The line of children waiting to see Santa wrapped almost completely around the display. Someone had roped off the end of the line and posted a sign that read that Santa was about to take his lunch break and he would be back sometime between 1:30 and 1:40. I assumed that meant no one new could join the line. And here’s where I made my first mistake. I should have been pushier and asked if we could squeeze in at the end of the line, but I was in flexible mom mode, not pushy mom mode. We’ll just do things in a little different order, I thought, play first, then eat lunch, then see Santa at 1:30. We’d be a tad late for nap time, but what the heck, it’s Christmas after all, and not every day that the kids get to see Santa.
So we played and ate and showed up back at the Santa throne right on the dot of 1:30—my second mistake! Apparently the smart parents realized that there might be quite a few other children who’d want to see Santa right after lunch, and they showed up before 1:30. By the time we arrived, the line was even longer than the one we’d seen originally. And we were at the end of it. Still, I thought, it couldn’t be too much time until it was our turn. After all, how long could it possibly take for each kid to sit on Santa’s lap, tell him what he/she wants for Christmas, and pose for a quick picture—30 seconds per kid, right? Even if there were 20 kids ahead of us (it was a little hard to tell since there were clusters of strollers and extra adults with each child) that’d only be a 10-minute wait or so—15 minutes maximum.
This entirely incorrect estimate of our wait to come, was my biggest mistake of all.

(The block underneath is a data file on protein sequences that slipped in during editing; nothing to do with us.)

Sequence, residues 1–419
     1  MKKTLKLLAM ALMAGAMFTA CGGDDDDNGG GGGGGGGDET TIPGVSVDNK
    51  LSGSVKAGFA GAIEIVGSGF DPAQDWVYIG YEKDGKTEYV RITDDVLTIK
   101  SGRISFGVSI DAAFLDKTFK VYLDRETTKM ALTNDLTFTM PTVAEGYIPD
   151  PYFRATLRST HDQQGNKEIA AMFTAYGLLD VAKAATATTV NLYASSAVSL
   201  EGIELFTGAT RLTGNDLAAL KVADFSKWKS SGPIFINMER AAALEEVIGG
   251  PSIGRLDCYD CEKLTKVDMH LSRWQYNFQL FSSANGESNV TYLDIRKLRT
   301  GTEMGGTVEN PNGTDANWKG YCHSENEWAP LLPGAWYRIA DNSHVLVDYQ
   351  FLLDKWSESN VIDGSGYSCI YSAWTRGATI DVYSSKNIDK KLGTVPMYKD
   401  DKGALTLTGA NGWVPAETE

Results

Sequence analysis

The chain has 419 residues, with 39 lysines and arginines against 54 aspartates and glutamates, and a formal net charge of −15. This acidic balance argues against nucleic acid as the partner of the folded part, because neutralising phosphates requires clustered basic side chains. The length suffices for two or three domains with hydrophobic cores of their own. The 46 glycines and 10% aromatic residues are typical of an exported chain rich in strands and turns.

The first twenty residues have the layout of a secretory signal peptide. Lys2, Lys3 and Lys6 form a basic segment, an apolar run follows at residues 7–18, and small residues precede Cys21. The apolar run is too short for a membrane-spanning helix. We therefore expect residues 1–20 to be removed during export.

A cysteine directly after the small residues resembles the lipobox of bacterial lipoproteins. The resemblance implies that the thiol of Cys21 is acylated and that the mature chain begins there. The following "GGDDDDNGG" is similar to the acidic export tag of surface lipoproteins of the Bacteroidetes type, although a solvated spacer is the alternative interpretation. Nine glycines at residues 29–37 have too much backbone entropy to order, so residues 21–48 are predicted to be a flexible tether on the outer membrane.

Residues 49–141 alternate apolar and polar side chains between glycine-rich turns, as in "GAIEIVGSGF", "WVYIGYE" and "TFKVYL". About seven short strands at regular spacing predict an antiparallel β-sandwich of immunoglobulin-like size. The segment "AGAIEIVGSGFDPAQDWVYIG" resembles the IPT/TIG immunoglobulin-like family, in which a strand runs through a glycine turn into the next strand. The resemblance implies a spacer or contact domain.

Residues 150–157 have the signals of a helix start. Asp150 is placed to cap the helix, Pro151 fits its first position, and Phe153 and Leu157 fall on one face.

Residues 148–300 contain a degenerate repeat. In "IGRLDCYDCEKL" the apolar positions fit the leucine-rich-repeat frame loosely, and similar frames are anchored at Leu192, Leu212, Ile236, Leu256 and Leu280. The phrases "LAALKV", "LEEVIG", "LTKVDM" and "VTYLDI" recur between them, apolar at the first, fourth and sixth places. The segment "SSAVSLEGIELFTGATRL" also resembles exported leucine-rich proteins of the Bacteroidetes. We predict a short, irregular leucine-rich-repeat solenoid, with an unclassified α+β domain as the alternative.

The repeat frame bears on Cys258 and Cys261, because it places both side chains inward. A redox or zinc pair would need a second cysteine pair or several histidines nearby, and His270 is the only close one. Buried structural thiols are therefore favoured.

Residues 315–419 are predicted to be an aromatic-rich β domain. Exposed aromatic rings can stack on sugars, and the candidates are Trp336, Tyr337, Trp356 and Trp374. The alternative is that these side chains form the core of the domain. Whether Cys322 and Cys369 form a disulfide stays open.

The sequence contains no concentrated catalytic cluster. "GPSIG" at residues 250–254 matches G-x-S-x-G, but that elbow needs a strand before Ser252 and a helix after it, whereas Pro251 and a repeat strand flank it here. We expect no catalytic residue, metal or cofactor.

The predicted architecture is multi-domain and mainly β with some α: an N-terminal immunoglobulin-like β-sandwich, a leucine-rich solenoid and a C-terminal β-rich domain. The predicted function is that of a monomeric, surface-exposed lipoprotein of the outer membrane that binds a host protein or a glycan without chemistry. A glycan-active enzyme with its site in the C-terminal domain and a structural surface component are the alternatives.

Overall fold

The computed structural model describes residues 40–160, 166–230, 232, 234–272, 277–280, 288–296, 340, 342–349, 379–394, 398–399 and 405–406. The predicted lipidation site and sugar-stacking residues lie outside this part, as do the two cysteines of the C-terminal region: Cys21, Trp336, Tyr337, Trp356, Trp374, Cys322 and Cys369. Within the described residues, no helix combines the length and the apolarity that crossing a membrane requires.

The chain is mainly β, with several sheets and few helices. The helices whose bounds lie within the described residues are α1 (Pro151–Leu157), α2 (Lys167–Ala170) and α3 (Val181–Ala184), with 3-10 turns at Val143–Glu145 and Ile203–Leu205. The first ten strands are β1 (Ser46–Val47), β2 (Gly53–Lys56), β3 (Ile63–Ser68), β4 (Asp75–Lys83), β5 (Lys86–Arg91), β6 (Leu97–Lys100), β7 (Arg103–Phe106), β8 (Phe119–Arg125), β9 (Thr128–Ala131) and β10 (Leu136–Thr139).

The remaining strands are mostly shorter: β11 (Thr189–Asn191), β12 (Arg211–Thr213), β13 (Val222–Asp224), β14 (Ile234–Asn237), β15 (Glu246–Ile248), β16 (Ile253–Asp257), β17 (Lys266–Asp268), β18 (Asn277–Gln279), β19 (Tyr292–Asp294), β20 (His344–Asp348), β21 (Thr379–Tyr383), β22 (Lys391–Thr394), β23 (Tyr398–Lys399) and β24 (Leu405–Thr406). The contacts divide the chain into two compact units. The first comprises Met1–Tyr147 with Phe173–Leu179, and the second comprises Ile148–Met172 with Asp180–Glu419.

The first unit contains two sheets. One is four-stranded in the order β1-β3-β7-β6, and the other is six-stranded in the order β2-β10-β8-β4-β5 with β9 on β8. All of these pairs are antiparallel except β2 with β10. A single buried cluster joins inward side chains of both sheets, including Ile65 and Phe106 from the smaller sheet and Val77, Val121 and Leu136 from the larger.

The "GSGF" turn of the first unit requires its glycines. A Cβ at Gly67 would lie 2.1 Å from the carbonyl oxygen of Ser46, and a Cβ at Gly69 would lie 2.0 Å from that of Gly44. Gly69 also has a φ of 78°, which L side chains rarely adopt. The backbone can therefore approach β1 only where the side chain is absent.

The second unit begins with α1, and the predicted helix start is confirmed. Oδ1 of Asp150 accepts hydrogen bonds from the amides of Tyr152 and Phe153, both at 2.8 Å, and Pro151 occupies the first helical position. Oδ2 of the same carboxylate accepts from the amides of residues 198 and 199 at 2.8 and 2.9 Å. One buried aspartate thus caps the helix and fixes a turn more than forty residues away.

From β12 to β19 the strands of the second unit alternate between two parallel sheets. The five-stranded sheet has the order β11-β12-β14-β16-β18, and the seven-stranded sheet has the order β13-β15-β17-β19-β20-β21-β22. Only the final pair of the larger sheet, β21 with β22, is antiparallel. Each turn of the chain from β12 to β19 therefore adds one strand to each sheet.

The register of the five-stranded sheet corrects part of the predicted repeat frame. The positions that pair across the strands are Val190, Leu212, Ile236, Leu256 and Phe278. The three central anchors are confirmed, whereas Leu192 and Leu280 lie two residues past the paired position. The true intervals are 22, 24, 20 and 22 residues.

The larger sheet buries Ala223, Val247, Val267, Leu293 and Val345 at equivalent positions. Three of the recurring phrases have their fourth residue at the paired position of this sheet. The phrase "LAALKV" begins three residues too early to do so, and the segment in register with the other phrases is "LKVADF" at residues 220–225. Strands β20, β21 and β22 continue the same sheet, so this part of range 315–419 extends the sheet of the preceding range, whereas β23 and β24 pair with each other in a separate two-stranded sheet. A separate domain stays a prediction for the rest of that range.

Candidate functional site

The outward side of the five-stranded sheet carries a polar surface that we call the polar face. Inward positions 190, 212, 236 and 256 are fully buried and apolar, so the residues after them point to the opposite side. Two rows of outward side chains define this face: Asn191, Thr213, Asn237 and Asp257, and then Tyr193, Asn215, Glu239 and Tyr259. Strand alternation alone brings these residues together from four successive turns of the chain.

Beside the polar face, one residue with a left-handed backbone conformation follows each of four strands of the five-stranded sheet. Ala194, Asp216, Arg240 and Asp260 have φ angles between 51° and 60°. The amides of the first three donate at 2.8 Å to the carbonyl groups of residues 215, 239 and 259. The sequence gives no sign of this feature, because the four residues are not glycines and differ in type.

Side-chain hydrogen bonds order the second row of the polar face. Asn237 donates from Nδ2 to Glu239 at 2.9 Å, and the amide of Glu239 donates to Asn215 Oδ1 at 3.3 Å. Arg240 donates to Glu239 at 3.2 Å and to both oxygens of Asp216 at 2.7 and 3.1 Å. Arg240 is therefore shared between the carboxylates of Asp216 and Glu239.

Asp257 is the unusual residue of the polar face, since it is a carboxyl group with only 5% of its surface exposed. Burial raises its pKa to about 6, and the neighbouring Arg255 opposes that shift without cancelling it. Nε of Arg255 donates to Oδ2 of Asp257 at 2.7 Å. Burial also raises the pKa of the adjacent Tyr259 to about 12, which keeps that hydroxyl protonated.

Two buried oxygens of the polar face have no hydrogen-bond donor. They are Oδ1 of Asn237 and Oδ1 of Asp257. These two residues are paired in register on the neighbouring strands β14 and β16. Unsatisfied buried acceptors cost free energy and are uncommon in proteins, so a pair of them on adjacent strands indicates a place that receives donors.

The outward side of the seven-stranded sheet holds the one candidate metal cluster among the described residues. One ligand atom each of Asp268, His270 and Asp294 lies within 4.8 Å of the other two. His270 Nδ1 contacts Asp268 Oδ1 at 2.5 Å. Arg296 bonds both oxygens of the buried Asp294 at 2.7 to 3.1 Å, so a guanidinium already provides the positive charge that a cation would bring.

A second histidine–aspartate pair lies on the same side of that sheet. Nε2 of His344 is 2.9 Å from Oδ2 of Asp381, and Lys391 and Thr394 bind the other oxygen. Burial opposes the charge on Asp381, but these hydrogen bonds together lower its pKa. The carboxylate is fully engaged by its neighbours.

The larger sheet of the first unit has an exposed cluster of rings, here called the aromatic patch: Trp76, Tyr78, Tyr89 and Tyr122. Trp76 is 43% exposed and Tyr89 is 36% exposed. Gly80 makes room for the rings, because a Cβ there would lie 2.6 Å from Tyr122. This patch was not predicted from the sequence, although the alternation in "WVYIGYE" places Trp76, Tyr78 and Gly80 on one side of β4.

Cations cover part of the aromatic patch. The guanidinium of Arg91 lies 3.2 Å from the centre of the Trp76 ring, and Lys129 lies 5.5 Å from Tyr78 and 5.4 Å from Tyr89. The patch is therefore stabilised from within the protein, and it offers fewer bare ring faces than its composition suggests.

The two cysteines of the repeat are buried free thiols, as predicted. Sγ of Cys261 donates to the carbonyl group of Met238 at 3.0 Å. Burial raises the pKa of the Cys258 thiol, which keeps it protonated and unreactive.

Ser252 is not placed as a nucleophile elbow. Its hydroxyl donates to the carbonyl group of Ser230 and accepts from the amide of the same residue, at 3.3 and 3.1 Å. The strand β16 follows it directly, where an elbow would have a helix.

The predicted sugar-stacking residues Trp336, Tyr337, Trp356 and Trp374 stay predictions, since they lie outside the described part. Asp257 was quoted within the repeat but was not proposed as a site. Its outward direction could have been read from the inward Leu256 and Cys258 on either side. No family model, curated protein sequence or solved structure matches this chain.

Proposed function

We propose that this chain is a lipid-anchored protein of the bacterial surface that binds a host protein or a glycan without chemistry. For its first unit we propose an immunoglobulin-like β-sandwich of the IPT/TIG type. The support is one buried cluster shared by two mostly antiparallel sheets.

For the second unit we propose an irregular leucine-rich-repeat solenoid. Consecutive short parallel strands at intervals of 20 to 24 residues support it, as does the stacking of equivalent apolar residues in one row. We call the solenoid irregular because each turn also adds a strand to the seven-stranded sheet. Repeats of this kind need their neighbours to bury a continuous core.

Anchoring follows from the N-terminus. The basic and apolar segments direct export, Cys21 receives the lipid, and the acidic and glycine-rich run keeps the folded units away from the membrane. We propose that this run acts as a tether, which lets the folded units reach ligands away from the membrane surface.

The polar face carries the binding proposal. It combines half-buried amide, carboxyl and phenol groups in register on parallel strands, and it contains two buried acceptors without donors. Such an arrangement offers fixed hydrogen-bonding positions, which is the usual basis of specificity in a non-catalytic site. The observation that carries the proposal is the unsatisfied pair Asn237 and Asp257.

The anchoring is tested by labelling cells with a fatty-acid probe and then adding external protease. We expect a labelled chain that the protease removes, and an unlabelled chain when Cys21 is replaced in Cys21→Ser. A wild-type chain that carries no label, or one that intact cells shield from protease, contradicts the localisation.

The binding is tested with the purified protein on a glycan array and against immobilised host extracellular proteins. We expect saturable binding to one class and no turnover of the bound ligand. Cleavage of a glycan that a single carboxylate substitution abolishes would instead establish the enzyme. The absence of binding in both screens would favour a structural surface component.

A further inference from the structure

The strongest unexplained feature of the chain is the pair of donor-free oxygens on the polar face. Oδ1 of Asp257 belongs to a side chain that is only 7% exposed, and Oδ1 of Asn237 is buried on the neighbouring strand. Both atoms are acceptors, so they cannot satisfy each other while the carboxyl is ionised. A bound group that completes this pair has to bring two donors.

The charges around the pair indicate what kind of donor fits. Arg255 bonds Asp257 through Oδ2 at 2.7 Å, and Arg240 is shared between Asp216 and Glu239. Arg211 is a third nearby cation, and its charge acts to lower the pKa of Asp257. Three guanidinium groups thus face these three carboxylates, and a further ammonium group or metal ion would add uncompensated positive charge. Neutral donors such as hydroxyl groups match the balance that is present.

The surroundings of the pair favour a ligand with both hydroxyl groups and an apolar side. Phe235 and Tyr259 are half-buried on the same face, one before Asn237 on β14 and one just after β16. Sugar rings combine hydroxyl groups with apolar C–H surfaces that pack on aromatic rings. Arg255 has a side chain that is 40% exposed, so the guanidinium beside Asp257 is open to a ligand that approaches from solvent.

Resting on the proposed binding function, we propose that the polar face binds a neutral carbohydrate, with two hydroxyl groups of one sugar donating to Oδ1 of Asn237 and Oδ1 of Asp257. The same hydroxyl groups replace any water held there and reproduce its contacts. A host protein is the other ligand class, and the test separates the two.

Because, 15 minutes later we had only advanced about 5 feet. The line was moving at slower than a snail’s pace and I had no idea what was taking so long, since we couldn’t see Santa from where we were standing. I was also too distracted by the monumental task of keeping my two children occupied while we waited, to spend a lot of time worrying about why the line was moving so slowly. Both kids were really enjoying swinging the velvet covered barrier ropes that were strung between flimsy aluminum poles delineating the Santa waiting area. I was sure the whole thing would come crashing down any second. My two-year-old, Kyle, was testing the limits of the phrase “stay close” by inching further and further away from me, all the while looking to make sure I was watching, his face lit up with that mischievous “what-are-you-going-to-do-about-it?” look. My emergency stash of snacks, books, and toys was getting dangerously low, and we still weren’t anywhere near the front of the line. Plus Kara was chattering away about Santa, and I was still nervous that she’d ask some probing question concerning his reality, that I wouldn’t know how to answer. It wasn’t exactly a relaxing place to be.